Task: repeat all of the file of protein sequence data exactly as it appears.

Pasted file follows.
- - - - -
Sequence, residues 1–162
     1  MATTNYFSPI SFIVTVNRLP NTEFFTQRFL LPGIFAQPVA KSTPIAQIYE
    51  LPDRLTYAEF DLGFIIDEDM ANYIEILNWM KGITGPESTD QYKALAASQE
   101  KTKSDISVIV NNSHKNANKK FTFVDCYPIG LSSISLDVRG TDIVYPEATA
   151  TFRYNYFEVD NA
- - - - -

Sequence, residues 1–162
     1  MATTNYFSPI SFIVTVNRLP NTEFFTQRFL LPGIFAQPVA KSTPIAQIYE
    51  LPDRLTYAEF DLGFIIDEDM ANYIEILNWM KGITGPESTD QYKALAASQE
   101  KTKSDISVIV NNSHKNANKK FTFVDCYPIG LSSISLDVRG TDIVYPEATA
   151  TFRYNYFEVD NA